History of immigration from Egypt

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Map of Egypt
Map date: 2013
Just five Egyptians were counted in the Victorian census in 1871, two years after the Suez Canal route through Egypt to Australia opened. By 1911, the population was still only 26. Most of these early settlers probably came to Australia as labourers and would probably have been of European heritage.

Immigration from Egypt to Victoria increased significantly after World War II. A large number of immigrants arrived in the late 1940s and 1950s, escaping the growing Arab nationalist movement in Egypt which saw the overthrow of the Egyptian monarchy and the subsequent Suez Crisis. By 1952, the population of Egypt-born Victorians had increased to 2,748; within seven years it had more than doubled to 6,555. Because of their multilingual skills many secured employment as translators and interpreters for the Australian government, in particular for the Department of Immigration.

During the 1970s and early 1980s, increasing numbers of Egypt-born people settled in Victoria, and by 2011, the community had grown to 12,491 people.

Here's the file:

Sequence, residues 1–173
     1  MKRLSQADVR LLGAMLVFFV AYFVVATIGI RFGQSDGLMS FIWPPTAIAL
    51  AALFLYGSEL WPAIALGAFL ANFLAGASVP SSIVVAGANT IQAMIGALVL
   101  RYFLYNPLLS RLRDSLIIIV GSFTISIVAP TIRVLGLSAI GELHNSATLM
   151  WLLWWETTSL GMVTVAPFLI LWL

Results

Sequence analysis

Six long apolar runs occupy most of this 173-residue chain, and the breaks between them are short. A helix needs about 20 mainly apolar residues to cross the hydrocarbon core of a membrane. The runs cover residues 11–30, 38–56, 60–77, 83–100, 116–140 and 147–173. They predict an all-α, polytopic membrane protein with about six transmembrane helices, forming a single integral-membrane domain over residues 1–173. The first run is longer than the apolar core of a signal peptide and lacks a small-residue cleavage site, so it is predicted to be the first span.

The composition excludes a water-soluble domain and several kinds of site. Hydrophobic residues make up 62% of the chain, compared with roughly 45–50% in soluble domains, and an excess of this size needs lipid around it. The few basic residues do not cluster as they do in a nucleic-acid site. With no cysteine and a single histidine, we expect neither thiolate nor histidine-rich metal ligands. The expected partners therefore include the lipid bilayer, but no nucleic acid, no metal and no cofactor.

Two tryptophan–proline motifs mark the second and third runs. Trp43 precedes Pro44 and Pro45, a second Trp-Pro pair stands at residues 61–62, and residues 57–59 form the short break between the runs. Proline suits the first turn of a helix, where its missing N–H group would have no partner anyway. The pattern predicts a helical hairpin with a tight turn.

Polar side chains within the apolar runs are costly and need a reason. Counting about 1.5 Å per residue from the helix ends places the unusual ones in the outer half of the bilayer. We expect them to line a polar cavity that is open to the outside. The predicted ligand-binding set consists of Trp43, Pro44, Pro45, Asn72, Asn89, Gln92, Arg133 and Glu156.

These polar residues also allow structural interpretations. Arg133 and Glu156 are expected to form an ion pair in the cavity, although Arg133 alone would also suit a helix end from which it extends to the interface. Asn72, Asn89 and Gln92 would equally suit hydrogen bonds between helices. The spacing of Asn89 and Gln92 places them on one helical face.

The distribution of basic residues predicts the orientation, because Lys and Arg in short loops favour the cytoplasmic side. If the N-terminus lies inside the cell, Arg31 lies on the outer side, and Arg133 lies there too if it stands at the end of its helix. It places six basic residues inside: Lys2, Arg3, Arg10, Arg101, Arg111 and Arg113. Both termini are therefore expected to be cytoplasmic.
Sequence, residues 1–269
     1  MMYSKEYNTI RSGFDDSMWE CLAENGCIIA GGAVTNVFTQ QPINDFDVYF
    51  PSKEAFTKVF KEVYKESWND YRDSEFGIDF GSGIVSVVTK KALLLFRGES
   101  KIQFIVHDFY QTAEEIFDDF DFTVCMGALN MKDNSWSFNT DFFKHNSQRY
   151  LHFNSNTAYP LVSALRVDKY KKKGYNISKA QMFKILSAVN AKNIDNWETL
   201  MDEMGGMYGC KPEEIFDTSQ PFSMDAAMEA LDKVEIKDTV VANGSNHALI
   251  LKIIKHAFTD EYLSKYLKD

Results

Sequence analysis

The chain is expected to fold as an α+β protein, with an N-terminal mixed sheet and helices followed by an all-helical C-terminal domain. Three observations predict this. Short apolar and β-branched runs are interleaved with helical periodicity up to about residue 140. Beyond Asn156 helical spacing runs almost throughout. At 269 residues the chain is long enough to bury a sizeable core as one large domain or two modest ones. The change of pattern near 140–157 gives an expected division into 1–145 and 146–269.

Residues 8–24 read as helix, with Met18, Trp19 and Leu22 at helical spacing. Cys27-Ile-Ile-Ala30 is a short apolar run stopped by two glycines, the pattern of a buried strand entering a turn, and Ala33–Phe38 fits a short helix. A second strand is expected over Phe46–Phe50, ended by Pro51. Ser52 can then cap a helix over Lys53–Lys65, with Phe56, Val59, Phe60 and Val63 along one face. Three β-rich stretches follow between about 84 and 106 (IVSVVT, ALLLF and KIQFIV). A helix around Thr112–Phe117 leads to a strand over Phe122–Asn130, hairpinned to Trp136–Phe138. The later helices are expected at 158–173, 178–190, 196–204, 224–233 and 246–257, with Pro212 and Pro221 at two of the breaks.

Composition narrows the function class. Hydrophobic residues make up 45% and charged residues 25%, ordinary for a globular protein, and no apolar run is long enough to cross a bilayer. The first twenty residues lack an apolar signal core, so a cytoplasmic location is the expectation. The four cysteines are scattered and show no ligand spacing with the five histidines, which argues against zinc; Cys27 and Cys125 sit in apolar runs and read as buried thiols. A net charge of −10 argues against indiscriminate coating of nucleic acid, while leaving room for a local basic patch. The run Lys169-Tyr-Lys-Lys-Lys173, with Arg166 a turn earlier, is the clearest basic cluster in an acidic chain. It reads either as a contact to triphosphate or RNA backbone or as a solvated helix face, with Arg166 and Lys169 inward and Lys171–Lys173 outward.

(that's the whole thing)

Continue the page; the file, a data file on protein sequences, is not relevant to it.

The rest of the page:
The variety of languages spoken by Egypt-born Victorians today reflects the multicultural character of the cosmopolitan cities of Alexandria and Cairo. While nearly half speak Arabic at home, the population includes significant numbers who speak Greek, Italian, French and English.

Egypt-born Victorians occupy a wide range of professions in Victoria, with nearly half of those currently employed working in managerial or professional roles. The community lives across Melbourne and in regional centres, with larger numbers in Melbourne’s north-west. The vibrant and diverse Egyptian culture is sustained and promoted through a range of community organisations including the Egyptian Federation of Victoria, the Alexandrian Group (AAHA), the Greek Egyptian Group (EEAMA) and the Melita Social Club.

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